With Better Place Gone, Danish EV Drivers Forge a New Path

By · December 20, 2013

Renault Zoe in Gilleleje

Henrik Gottlieb lives in a log house and commutes roughly 40 miles each day in a Renault Zoe pure electric vehicle.

The mountains and very cold weather in Scandinavia would seem to add up to a bad environment in which to own a plug-in electric vehicle. But Danish professor Henrik Gottlieb has still managed to take a cross-country trek in a battery-electric vehicle in the frigid October weather. He also commutes to work each day in one.

Gottlieb, who is an associate professor of English and Translation Studies at the University of Copenhagen, lives in a log house 65 kilometers (about 40 miles) from the university. He commutes to work in his Renault Zoe pure electric vehicle.

As his university does not provide charging—even for electric bikes—Gottlieb said he charges his BEV at home, using electricity provided by wind. He can also use one of the five public charge points in Copenhagen that are compatible with his Zoe’s plug. He has a smart phone app that tells him which charging points are free.

The Zoe is not Gottlieb’s first experience with a battery-electric vehicle. In 2012, he and his wife were selected by Clever, a company that builds charging infrastructure in Denmark, to use a tiny Citroen Zero for three months free of charge.

Despite the lack of workplace charging for Gottlieb, Denmark does have a pretty good charging infrastructure. So good, in fact, that Gottlieb was able to take a 500 km (311 miles) road trip in the Zero in October of 2012. He did have to charge a lot however—even with the heating turned off, not a great option in zero degrees Celsius conditions. The tiny BEV got only about 80 km per charge driving at 80 k/hr (50 mph), said Gottlieb.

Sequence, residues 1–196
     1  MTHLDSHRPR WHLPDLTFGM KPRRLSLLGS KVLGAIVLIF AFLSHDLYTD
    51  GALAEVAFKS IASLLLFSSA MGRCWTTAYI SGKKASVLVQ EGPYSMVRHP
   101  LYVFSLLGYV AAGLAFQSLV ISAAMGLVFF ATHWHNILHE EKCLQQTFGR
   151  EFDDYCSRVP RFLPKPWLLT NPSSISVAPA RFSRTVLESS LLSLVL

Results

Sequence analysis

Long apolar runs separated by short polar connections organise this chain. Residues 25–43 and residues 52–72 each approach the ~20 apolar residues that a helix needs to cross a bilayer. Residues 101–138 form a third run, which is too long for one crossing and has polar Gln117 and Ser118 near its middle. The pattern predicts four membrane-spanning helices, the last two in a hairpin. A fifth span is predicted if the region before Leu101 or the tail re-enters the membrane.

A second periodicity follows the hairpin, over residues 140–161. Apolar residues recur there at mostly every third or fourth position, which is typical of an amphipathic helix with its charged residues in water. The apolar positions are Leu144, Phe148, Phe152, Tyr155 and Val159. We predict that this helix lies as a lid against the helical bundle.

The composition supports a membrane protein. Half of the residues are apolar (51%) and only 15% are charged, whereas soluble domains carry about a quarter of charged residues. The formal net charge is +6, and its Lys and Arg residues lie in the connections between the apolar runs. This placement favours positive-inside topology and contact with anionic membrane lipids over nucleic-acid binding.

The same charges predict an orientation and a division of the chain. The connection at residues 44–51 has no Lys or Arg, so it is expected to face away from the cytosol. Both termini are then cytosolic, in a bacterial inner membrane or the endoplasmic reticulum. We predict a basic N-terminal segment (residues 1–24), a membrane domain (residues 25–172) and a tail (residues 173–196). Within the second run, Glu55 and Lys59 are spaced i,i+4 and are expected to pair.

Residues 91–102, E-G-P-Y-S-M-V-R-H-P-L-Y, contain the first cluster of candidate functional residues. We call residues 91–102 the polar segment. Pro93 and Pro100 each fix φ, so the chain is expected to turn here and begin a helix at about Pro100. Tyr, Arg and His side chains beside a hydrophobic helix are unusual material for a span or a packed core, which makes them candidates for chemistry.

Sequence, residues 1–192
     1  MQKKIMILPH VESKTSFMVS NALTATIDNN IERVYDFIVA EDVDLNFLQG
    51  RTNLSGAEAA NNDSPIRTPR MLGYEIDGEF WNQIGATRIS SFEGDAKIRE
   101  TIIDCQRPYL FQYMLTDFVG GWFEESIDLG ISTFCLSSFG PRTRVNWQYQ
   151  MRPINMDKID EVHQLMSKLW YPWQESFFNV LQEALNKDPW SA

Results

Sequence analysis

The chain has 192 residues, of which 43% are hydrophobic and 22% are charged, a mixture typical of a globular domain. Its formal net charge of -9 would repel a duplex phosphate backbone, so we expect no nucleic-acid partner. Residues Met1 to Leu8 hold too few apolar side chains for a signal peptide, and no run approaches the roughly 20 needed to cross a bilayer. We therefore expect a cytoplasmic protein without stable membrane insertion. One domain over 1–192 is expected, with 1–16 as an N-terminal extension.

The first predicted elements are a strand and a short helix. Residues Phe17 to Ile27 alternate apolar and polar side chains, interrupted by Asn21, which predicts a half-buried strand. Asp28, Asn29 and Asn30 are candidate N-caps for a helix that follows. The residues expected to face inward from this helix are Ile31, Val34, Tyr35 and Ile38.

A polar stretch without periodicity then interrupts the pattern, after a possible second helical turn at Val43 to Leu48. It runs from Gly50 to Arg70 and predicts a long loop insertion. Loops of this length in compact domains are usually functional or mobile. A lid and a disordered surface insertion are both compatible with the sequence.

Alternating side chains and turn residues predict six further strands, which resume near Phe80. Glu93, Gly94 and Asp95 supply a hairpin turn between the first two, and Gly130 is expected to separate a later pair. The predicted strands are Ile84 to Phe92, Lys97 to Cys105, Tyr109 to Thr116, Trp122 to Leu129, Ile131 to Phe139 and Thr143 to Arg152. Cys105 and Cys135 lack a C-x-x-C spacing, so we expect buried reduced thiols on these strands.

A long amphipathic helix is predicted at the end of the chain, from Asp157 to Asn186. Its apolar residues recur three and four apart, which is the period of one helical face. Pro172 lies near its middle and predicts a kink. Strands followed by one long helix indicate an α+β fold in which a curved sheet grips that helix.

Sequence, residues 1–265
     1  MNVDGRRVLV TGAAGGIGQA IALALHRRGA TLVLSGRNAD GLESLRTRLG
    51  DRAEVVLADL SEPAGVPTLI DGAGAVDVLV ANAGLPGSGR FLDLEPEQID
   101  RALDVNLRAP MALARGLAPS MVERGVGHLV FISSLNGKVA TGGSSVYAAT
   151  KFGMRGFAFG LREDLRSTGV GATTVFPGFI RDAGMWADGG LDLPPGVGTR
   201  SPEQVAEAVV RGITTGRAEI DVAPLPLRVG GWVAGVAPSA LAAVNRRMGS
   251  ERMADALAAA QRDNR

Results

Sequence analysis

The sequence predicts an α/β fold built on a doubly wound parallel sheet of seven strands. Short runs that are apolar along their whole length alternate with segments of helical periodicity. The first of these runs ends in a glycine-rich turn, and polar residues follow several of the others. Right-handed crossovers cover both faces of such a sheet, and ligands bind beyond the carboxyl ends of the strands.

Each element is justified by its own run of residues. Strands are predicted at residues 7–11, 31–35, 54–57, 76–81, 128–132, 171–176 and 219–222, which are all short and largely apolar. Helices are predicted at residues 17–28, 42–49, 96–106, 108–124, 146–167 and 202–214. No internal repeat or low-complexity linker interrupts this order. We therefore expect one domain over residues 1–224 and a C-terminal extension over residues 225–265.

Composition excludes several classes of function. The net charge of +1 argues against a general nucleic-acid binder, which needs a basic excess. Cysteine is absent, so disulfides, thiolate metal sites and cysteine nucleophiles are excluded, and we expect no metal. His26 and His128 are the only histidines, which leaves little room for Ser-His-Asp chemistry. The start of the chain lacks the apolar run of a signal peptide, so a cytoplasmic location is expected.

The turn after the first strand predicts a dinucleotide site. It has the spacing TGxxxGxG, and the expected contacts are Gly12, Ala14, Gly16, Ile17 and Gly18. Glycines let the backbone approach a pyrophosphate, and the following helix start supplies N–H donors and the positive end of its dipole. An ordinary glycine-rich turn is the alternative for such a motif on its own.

Life After Better Place

Gottlieb bought his Zoe in summer of 2013, when Danish drivers were still smarting from the Better Place bankruptcy. Denmark was, along with Israel, one of the two countries Better Place chose as a test ground for its battery-swapping business model.

The Better Place demise discouraged Danes from buying EVs, said Gottlieb. “Even eco-friendly colleagues, neighbors, friends, and relatives wanted to know how we had the courage” to buy the Zoe, he said.
Sales of plug-in electric vehicles in Denmark did fall this year compared to last year, from 500 in 2012 to an expected 440 in 2013, John Gartner, research director for smart transportation at Navigant Research told PluginCars.

But the Better Place failure was just a temporary setback to PEV sales, said Gartner. “The number of people who knew about it was relatively small,” he said. Navigant expects PEV sales in Denmark to show a compounded annual growth rate of 32 percent from 2013 to 2022, when sales will reach 5,467 units.

German power company E.On bought the Danish assets of Better Place and has reopened the charging points, though it won’t be operating the battery swapping stations. “Annoyingly,” said Gottlieb, “the Renault Zoe is still not supported by these chargers, but E.ON expects to offer chargers for all EVs by spring of 2014”.

Gottlieb hopefully won’t have to worry about finding charge points in a few years. The Danish government has put out a tender for construction of a nationwide network of charging stations along motorways, according to a September posting on the website of the Denmark Ministry of Foreign Affairs. “This will result in a significant expansion in the number of charging locations and a great supplement to the infrastructure installed by Better Place mainly in urban areas,” said the website.

Norway Envy

Meanwhile, in nearby Norway plug-in electric vehicle ownership is already surging on the back of extremely favorable government policies.

“I wish we all could boast of Norwegian conditions elsewhere in Europe,” Gottlieb said a bit wistfully. Norwegians “happily subscribe to EVs for financial rather than environmentally-friendly reasons,” he said.

Battery-electric vehicle owners in Norway enjoy access to bus lanes, free city parking, and no purchase tax or value-added tax on the vehicle. In a country where gasoline and diesel-powered vehicles are taxed at more than 100 percent, that is a considerable financial incentive.

Sales forecasts from Navigant reflect the measure’s effectiveness. Sales of battery-electric vehicles are expected to hit 6,743 units in 2022, up from 1,420 units in 2013. “Because many car buyers still look at upfront purchase price rather than long-term operating costs, the best thing to do is lower the upfront cost,” said Gartner. “A tax abatement is the best way.”

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